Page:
In December 2019, STREAM Community Advisory Boards (CABs) from seven countries joined the fourth webinar in the STREAM All-CAB webinar series. Participants learned about the WHO guidelines development process, the function of WHO guidelines, and how national TB programs implement them into national programs/policies. Discussion also touched on effective strategies for meaningful community-participation in the guidelines-development process, both globally and nationally.

Dr. Matteo Zignol, Coordinator of the TB/HIV and community engagement Unit and Team Leader for the Research for TB Elimination team at the WHO Global TB Program, joined the webinar as a guest. He described the WHO’s guidelines-development process, emphasizing the close interplay between quality of evidence and strength of WHO recommendations. Matteo closed his session by emphasizing, “the highest quality evidence the WHO looks [for] is from randomized clinical trials … They are the number one approach for making new guideline recommendations, and results from clinical trials like STREAM help to ensure WHO recommendations … are as strong as possible.”

CAB members from each site spoke about the process for implementing new international guidelines in their countries, and preparing for that part of the webinar gave CABs the opportunity to formulate better strategies for influencing national guideline-making. Oxana Rucsineanu, CAB coordinator from Moldova, emphasized that community members are best-positioned to understand the need for, and impact of, proposed new guidelines on local communities, so it is essential that decision-makers take the community’s views into account. Ivan Kimuli, Community Liaison Officer in Uganda, emphasized that Uganda takes an inclusive approach to guidelines development, with the goal of ensuring all affected stakeholders, including community members and the affected population, have a voice in the process. In his view, this helps to ensure national TB guidelines are better suited to the local context.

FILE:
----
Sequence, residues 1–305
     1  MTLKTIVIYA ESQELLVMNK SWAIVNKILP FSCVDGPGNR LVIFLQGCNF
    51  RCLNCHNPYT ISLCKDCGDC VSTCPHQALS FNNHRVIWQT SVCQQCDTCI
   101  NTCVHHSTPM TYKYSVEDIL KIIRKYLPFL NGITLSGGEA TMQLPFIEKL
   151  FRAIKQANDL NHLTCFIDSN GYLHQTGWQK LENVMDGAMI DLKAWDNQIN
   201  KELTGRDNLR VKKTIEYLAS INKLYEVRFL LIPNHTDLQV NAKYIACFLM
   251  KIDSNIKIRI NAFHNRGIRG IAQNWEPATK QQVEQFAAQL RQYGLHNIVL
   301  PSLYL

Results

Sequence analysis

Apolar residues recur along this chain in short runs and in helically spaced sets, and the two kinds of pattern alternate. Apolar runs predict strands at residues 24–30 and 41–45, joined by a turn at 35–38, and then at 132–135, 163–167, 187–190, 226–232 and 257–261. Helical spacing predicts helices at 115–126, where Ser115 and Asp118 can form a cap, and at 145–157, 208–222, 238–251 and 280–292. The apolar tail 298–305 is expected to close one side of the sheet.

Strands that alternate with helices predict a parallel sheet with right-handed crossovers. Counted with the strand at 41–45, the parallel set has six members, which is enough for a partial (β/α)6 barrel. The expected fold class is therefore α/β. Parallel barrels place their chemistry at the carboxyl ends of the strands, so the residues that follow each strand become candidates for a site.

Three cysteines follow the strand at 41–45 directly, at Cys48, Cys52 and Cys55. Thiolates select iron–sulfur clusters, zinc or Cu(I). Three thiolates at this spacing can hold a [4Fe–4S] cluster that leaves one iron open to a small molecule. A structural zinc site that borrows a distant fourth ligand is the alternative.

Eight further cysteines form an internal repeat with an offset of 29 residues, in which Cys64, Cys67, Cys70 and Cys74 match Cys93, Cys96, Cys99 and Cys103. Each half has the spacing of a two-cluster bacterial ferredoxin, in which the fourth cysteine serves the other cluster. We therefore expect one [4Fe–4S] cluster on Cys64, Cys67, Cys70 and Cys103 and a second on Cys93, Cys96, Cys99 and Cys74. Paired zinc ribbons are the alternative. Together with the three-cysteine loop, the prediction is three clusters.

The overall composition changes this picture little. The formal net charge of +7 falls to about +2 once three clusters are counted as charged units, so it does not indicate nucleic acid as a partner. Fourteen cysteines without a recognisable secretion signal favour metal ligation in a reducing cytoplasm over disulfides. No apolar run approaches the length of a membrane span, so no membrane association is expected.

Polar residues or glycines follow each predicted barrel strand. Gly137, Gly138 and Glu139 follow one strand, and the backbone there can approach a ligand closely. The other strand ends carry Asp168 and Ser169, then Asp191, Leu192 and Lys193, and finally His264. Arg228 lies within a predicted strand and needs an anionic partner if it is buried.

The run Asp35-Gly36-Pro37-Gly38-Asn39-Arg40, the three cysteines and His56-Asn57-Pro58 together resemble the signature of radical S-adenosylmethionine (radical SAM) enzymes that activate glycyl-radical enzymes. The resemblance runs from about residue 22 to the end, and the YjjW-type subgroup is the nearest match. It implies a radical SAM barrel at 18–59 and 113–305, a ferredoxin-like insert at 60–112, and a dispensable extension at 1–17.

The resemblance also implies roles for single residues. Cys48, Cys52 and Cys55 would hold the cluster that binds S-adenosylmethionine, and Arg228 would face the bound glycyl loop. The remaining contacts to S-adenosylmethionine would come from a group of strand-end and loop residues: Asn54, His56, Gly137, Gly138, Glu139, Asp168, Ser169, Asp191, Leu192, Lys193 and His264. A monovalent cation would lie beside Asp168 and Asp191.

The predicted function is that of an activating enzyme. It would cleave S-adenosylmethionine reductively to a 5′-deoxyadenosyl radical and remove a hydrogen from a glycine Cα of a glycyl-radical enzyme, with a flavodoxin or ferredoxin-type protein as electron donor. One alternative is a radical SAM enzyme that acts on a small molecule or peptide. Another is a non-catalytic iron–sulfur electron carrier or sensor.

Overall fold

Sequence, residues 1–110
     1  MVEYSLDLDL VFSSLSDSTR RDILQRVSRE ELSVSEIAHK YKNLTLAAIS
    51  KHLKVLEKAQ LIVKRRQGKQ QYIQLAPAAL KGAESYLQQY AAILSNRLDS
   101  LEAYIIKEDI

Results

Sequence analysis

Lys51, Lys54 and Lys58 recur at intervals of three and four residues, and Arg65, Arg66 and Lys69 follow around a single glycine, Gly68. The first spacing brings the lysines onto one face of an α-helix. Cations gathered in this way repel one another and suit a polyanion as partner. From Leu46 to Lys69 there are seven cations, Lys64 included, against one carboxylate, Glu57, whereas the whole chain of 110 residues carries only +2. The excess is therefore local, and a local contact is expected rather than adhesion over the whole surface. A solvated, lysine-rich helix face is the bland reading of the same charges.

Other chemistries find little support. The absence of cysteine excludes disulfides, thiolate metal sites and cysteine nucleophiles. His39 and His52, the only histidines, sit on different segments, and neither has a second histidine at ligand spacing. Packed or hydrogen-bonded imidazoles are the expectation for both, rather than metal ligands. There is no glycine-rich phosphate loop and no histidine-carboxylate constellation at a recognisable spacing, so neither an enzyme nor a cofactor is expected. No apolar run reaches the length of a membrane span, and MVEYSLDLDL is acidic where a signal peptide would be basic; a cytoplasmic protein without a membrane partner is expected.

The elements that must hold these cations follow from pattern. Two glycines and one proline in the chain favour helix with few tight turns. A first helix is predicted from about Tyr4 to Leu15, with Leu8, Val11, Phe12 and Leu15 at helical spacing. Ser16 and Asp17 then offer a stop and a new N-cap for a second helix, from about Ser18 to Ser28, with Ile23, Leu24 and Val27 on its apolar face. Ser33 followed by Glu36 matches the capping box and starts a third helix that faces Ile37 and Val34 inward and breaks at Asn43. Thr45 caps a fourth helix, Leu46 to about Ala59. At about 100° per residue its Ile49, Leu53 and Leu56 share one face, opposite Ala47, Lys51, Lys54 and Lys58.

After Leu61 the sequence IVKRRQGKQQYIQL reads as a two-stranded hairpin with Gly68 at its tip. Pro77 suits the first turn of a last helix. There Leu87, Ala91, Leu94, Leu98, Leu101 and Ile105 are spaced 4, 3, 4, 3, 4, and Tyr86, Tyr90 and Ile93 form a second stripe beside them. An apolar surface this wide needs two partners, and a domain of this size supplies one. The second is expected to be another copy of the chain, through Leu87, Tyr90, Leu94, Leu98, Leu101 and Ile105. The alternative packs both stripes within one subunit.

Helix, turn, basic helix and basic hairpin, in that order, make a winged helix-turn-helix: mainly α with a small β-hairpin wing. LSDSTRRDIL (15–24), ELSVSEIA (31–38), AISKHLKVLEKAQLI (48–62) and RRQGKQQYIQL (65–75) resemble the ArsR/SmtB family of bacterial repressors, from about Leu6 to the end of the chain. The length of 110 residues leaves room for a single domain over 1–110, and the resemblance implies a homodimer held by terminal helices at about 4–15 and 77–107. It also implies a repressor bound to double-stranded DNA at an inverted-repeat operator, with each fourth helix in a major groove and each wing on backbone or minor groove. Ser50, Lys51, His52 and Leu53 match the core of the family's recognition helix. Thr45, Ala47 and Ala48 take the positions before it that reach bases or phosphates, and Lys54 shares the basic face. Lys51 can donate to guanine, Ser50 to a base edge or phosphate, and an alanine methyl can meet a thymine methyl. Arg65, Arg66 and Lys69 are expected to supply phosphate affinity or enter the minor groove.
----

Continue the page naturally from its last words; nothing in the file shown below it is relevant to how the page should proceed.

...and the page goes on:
Participants agreed that CAB members will need to continue improving their understanding of MDR-TB and guidelines development in order to make well-informed contributions to new policy decisions. Some sites also identified the need to ensure CABs and community members are integrated into the decision-making process. Many agreed that community involvement could learn a great deal from the HIV/AIDS experience, where decision-makers and communities work side by side on key decisions as partners. CAB participation in public consultations was also identified as an excellent opportunity for ensuring community input on new guidelines is considered – and CAB participation also helps create better TB advocates.

Congratulations to SMIT for organizing another excellent webinar. In addition to ensuring new guidelines are locally acceptable, CAB-participation in the guidelines-development process just underscores the significant contribution that community members can make to all facets of improving TB treatment and outcomes. 

Stay tuned for the next All-CAB webinar!

To read more about the STREAM CABs, click here.